They finally brought me my tray, which was quite large in size but consisted only of a dairy meal of bagels, lox, and cream cheese. I contained my surprise and tried to look content, but I really wasn’t. As I surveyed my tray, I thought to myself that it was good enough, especially since I love bagel, lox, and cream cheese. There were some great side dishes and a nice desert. It wasn’t as fancy as everyone else’s dinner, but I decided it was all I needed and happily ate.
By the time I was finished, I was more than content. I reclined in my chair while I waited for my tray to be cleared away. I was tired and wanted to sleep already. Stomach full, eyes closed, I could hear the clanging of cups and cutlery in the background as the staff removed the empty trays. That’s when a stewardess said, “Mr. Winston, your dinner.”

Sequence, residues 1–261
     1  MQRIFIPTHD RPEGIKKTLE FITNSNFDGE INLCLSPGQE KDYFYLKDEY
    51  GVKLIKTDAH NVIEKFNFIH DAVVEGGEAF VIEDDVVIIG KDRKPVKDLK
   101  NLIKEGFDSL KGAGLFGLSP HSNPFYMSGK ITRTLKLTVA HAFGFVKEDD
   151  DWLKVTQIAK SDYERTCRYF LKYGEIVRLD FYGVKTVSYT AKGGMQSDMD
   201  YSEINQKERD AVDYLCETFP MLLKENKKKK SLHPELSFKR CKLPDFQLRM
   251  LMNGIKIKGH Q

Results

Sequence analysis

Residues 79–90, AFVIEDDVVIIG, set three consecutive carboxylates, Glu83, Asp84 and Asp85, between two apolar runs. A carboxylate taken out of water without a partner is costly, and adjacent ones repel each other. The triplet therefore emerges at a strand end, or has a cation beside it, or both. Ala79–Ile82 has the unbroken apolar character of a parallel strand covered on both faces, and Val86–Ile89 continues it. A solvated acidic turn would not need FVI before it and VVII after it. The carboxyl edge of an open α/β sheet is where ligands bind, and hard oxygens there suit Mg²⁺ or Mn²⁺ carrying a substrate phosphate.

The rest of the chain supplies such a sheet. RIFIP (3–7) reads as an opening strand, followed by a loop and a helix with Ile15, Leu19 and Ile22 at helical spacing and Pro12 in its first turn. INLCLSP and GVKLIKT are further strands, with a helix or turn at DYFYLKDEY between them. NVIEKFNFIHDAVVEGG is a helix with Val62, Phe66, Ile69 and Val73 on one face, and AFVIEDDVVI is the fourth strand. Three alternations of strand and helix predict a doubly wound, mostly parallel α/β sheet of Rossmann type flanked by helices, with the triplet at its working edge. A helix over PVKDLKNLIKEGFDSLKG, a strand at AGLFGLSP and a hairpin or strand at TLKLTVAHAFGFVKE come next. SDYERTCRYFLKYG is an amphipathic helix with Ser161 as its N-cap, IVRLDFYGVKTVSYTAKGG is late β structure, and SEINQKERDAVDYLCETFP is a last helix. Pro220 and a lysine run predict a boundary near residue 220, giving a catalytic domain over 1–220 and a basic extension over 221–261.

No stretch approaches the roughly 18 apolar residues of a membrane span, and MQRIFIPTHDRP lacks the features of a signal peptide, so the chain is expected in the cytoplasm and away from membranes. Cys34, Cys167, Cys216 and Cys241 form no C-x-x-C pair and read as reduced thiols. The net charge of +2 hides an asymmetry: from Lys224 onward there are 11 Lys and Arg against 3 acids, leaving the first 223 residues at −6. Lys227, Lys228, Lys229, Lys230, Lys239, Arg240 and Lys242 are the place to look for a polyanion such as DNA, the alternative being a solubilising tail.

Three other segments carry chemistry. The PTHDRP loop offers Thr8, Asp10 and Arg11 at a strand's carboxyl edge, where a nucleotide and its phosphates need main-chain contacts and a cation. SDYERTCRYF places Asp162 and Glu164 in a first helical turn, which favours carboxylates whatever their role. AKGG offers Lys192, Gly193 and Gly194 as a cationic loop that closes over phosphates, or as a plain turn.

What? I opened my eyes to a whole new tray of food placed in front of me, this one filled with all kinds of fancy meats, rolls, implements, you name it. Apparently, my first main course had only been my appetizer. This was my main entree, and all I could do was stare at it, wondering how much of it I could consume before causing the plane to fly at a lower altitude. I was proud of myself that I had been happy with my previous portion, but now I wondered how much I would have to send back to the kitchen. If only someone had told me earlier what to expect…I had eaten my fill in the “corridor” when much better had waited for me in the “banquet hall.”
Ain Od Milvado, Part 9
TRUST IN GOD is the ultimate measure of how real a person is with Ain Od Milvado. It doesn’t just reveal how much a person sees God behind all that happens. It also reveals how much a person believes that God can do anything.